Twitch’s recent massive data leak, exposing its glaring racial pay gap, included a personal middle finger to Jeff Bezos and Amazon—a reflection of gaming culture’s inherently anti-authority stance. “Amazon has taken a hands-off approach with Twitch which means if there are scandals they don’t splash onto Amazon in quite the same way,” Professor Woodcock adds. “Amazon has its own scandals, of course, but you don’t look at the toxic communities on Twitch and think, ‘This is Amazon’s fault.’ It’s a relatively clever play and it’s allowed Amazon to test the waters. The fact that the Twitch leak included their rival platform to Steam [Vaporwave] being discussed was kind of interesting. There’s been a broader reckoning across the video game industry recently. There is a more vocal layer of workers that are standing up to management.”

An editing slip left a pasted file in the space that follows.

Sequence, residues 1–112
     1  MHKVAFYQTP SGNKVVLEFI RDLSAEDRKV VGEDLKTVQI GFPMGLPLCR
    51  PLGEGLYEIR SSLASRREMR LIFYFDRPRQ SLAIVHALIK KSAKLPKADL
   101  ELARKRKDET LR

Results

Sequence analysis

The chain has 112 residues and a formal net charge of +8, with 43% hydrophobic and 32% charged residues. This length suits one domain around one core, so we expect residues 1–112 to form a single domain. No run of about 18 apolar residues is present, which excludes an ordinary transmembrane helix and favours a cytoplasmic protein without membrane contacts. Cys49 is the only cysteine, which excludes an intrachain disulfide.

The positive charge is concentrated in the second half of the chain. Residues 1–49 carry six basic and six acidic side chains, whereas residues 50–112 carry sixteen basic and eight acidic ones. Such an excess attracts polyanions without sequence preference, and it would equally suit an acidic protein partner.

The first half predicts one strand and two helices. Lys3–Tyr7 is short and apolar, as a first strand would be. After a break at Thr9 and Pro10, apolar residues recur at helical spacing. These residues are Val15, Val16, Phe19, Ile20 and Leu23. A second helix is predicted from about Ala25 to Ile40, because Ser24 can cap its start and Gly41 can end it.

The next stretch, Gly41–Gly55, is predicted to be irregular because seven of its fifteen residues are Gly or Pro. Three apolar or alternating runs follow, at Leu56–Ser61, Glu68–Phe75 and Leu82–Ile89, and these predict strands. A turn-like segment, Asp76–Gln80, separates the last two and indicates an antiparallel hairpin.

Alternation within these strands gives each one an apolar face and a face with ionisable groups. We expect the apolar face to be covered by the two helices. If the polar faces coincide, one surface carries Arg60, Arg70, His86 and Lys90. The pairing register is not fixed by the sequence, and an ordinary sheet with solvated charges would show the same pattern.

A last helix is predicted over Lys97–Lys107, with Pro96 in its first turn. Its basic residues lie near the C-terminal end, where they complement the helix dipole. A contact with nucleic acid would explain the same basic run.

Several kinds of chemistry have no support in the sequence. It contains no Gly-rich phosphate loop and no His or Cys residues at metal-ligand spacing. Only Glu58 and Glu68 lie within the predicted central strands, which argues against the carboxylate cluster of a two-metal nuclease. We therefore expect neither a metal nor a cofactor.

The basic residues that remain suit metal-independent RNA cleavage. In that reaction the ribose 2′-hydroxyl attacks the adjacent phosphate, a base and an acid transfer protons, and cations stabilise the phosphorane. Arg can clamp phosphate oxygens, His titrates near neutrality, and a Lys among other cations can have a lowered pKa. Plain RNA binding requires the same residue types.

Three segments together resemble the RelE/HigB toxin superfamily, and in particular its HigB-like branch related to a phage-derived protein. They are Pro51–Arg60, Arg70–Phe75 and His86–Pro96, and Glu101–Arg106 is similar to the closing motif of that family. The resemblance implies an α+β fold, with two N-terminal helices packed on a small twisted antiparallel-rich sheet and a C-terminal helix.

Netflix has felt a similar level of heat in recent weeks. After Dave Chappelle’s transphobic diatribes in his latest special The Closer, Netflix employees conducted a walkout protest on Oct. 20. Management responded in ham-handed fashion, wrongfully suspending a trans employee for speaking out about it and trotting out co-CEO Ted Sarandos to actually claim, “While some employees disagree, we have a strong belief that content on screen doesn’t directly translate to real-world harm.” Trying their hand at gaming could open Netflix up to the gaming community’s chosen brand of resistance: hacking. And there already exists a great deal of animosity among gamers and developers who aren’t too happy about big companies acquiring indie developers. “Buyouts of smaller [game] companies by bigger companies is a point of friction,” offers Professor Woodcock. “People feel like they’re losing control; that things are going to change. It’s not as simple as buying a video game company. A lot of people want to work for indies, not the Amazons and Netflixes of the world. I think there are reasons that other companies should be worried about what’s happening at Netflix, and also the industry as a whole.”